Stephen Wirtz Gallery is pleased to present A Period of Juvenile Prosperity, an exhibition of Mike Brodie’s celebrated series of photographs.
A Period of Juvenile Prosperity reveals an American subculture of which Brodie was an observant participant—joining a youthful bande à part that pushed back against the promises of an intensely connected modernity to wander, travelling cross-country by any means possible, often on freight trains, and living off the land. Along the way, he picked up a camera, to which he made an immediate and innate connection, and began photographing young lives bound to the earth yet skimming swiftly across it.
Slowly and deliberately composed, Brodie’s photographs possess an amplified realism, portraying a realm of golden-hued sunlight and rough dirt, of heavy iron and steel moving at cacophonous high speeds, all captured with a silence and luminosity as raw and vital as it is intentional and precise. Rest and motion dominate. Settings and characters are interweaved in formal, highly romantic images of rugged and inhospitable surroundings populated by tattooed beauties, runaways, lovers, losers, thrill-seekers, and others escaping the deeply felt alienation of their rural, urban, and suburban upbringings. Clothed in an aesthetic that melds the Great Depression with punk, they read books as they traveled—Flannery O’Connor’s Wise Blood, Hunter Thompson’s The Rum Diaries—and used them as makeshift pillows for rest, while wearing trashed Nikes salvaged from dumpsters and eating from tin cans.
In his book Riding Toward Everywhere, the writer William Vollmann observed, “And we flee in search of last summer or next summer, but there’s no harm in it if we know all the time that it’s only a shadow show.” A teenager at the time he began using a camera, Brodie caught lives that most would consider dangerously desperate, yet they were pursued and embraced with an ignorant recklessness and blind fortitude unique to the young. Intimately connected to his subjects, Brodie seized upon that privileged position to make revelatory images of deep honesty—poetic visuals of the universal longing to forestall the inevitable passage from youth to something more uncomfortably certain.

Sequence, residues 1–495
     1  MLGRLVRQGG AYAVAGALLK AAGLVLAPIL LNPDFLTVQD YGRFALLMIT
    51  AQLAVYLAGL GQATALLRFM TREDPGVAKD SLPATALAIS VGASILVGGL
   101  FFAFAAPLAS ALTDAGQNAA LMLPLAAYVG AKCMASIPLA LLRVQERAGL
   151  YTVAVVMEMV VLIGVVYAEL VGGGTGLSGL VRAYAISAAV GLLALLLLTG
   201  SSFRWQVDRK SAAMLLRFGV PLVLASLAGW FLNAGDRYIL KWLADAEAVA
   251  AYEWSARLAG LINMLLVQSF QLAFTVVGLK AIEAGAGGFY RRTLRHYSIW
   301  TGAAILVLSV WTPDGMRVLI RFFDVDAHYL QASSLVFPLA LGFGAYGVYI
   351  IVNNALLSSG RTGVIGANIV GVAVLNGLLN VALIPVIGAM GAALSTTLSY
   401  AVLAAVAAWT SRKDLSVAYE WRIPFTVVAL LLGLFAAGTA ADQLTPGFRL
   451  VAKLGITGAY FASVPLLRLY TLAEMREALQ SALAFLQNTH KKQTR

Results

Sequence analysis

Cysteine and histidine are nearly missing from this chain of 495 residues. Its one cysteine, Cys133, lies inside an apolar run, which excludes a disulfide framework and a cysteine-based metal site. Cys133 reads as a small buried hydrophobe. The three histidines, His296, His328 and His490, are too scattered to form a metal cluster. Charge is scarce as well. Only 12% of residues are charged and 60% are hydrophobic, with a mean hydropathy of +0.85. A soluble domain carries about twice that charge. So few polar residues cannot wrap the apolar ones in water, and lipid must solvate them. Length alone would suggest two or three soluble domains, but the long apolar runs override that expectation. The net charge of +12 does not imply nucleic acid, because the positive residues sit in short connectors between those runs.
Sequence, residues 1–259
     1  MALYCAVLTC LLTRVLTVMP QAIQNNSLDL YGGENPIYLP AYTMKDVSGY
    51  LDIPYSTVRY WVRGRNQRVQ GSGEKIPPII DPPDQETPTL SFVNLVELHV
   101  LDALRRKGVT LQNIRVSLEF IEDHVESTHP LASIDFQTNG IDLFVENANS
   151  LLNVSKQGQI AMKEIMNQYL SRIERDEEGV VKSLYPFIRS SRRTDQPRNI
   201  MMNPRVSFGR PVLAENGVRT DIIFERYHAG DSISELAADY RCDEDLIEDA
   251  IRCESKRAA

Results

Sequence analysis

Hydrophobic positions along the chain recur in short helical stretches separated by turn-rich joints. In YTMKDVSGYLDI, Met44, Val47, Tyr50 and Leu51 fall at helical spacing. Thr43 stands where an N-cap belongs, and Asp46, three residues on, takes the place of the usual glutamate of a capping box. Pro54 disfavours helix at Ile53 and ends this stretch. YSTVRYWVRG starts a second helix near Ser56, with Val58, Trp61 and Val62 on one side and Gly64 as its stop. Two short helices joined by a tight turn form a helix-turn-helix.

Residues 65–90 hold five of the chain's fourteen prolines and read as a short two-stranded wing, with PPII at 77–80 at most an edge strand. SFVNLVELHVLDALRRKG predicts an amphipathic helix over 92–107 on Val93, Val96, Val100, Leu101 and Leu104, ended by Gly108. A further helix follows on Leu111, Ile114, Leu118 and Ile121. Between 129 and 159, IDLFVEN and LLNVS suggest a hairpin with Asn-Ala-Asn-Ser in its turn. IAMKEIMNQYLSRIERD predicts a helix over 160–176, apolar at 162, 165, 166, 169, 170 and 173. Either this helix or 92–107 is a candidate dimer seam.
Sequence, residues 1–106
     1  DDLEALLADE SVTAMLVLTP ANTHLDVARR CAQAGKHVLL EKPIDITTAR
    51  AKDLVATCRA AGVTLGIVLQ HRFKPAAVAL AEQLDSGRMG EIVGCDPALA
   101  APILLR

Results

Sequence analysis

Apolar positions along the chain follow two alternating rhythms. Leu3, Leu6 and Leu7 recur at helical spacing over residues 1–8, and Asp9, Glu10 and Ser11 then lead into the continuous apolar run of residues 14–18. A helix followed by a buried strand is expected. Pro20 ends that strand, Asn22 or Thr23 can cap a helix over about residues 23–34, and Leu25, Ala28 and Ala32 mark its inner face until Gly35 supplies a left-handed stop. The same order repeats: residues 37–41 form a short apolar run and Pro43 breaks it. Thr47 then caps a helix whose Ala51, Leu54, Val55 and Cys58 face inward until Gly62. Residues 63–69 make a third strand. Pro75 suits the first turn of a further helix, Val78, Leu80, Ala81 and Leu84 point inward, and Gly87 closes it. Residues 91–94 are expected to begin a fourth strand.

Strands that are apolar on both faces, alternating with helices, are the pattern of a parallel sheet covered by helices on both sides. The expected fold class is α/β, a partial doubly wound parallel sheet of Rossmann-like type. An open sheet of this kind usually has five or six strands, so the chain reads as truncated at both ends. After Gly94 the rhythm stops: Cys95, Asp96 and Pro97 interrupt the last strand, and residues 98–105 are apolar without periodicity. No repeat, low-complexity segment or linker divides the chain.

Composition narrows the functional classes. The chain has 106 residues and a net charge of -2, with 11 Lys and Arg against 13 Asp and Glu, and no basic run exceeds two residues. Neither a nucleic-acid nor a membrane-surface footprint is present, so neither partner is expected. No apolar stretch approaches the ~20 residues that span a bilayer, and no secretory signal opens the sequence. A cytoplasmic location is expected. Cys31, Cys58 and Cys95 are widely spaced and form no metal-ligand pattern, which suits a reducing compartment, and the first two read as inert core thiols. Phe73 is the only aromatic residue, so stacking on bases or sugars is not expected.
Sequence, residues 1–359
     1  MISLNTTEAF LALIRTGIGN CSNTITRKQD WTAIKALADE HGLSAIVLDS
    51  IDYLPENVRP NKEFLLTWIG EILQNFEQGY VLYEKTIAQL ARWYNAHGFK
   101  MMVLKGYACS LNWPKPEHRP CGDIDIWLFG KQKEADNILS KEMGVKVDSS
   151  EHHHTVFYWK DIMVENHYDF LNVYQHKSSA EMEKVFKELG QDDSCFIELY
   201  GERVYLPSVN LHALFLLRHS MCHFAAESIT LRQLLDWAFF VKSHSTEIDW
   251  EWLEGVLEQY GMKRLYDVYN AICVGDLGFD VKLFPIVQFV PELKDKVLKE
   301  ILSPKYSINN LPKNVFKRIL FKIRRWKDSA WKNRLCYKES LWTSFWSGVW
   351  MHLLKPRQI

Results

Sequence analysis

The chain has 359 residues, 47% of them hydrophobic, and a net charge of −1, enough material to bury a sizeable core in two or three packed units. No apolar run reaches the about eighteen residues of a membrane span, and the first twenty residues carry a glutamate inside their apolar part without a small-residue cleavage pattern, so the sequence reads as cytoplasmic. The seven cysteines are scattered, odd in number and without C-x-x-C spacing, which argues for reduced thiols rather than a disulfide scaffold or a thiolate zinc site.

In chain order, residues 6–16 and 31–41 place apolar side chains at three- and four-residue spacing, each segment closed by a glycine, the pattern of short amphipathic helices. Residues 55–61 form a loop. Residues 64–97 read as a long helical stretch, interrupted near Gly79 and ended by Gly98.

Mike Brodie was born in 1985 in Mesa, Arizona, and spent his formative years in Pensacola, Florida. In 2004, he was given a Polaroid camera, and later used a Nikon 35 mm. Significant recognition and accolades from the art world followed, a development Brodie neither sought nor desired. Although untrained, his works echo and find common cause with the photographic traditions of Walker Evans, Robert Frank, and Nan Goldin. In 2008, he won the Baum Award for Emerging American Photographers. His work is in the collections of the San Francisco Museum of Modern Art and the Berkeley Art Museum, and previously has been exhibited at Yossi Milo Gallery, New York, and M + B Gallery, Los Angeles. Earlier this year, Twin Palms Publishers published A Period of Juvenile Prosperity, a critically praised monograph of Brodie’s photographs. After studying at Nashville Auto Diesel College (NADC), he moved to Oakland, CA, where he is employed working on large-scale diesel engines. He no longer takes photographs.